Quantification of metal ion induced DNA damage with single cell array based assay
Abbreviated Journal Title
TOTAL HIP-ARTHROPLASTY; COMET ASSAY; INDIVIDUAL CELLS; IN-VIVO; DEBRIS; REPAIR; TISSUE; FLUIDS; Chemistry, Analytical
Under physiological and wear conditions, implanted orthopedic devices undergo undesired release of metal ions which cause DNA damage and inflammation of local tissue. However, individuals have personalized responses to identical devices due to varying susceptibility to DNA damage. The current one-size-fits-all approach is therefore not suitable to predict the response of patients to implanted devices. This paper describes a single cell array based method to quantify metal ion induced DNA damage that can potentially be used to predict the response to implanted devices in patients. Ions of several typical metals in implanted devices were used to treat human normal fibroblast cells. After patterning cells on a silicon substrate with cell-catching patches, cells were embedded in hydrogel and treated with alkaline buffer. Damaged DNAs diffuse out of the cell, and are stained to show a characteristic halo. All studied metal ions (Cu2+, Co2+, Ni2+, Cr2+, Fe2+, Al3+) induce DNA damage and have genotoxicity. Copper ions cause DNA damage at concentrations as low as 1 mu M. Cobalt and nickel ions damage DNA at 5 and 10 mu M, respectively. Aluminum, iron and chromium ions cause DNA damage at 50 mu M. The cytotoxicity assay shows that most ions, except cobalt and copper, are less toxic below 500 mu M. The fact that metal ions can cause genotoxicity at lower concentrations than that of cytotoxicity suggests: (1) a single cell based DNA damage assay is more sensitive than a membrane integrity based live/dead assay; and (2) metal ions preferentially induce DNA damage rather than cell membrane damage.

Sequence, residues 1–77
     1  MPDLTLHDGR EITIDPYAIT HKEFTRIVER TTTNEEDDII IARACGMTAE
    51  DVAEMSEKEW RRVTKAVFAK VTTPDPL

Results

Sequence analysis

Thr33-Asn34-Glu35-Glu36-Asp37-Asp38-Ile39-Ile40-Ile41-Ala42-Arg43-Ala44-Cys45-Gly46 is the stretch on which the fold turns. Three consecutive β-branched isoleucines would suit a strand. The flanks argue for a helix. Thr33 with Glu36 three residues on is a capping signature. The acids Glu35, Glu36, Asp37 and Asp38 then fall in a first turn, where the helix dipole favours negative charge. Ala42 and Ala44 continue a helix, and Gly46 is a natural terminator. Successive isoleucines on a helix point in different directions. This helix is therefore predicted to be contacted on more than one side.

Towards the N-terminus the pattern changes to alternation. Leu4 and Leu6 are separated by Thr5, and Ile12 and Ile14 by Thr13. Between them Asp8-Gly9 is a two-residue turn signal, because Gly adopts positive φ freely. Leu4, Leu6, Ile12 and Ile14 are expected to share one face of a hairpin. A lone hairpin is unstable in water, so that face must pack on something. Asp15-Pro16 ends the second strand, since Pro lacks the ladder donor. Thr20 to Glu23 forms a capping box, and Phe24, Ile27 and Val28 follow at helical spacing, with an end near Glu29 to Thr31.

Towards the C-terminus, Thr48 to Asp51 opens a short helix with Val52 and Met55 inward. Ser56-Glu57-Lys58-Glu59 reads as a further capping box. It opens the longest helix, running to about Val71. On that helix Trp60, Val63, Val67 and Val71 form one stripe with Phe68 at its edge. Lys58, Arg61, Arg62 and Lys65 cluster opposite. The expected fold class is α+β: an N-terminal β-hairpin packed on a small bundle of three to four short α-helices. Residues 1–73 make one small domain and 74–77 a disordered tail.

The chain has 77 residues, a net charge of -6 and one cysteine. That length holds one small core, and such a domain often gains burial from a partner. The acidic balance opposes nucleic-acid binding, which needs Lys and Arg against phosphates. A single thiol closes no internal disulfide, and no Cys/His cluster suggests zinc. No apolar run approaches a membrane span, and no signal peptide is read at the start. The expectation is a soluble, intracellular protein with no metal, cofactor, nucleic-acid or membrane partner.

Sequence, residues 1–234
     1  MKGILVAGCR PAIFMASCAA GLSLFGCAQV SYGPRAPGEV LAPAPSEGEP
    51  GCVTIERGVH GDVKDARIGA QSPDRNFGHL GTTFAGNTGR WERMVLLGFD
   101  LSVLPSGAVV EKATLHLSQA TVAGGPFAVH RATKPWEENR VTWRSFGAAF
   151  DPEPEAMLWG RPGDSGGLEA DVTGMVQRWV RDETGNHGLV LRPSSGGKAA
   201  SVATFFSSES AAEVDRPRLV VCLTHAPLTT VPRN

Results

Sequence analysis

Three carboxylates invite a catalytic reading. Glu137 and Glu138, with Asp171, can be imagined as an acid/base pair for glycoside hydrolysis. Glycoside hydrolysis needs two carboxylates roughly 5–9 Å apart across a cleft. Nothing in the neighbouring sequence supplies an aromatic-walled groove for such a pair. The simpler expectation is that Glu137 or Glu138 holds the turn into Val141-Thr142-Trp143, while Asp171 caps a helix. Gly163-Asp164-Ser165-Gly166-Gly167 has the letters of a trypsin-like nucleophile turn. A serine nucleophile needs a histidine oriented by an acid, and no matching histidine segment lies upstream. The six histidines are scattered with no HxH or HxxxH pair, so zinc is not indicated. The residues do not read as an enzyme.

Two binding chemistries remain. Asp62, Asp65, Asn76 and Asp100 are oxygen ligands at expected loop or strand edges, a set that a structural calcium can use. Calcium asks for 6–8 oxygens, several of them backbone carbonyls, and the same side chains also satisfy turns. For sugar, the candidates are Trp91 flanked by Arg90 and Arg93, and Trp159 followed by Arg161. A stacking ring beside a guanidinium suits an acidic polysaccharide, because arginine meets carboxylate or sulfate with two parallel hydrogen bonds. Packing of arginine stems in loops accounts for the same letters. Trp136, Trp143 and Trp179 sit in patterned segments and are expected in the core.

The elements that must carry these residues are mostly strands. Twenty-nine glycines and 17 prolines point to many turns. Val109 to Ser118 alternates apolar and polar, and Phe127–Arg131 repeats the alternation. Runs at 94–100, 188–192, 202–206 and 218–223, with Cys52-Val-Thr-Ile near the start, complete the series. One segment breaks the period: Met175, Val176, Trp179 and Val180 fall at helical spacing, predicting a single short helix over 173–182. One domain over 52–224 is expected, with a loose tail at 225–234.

"Quantification of metal ion induced DNA damage with single cell array based assay" (2013). Faculty Bibliography 2010s. 4559.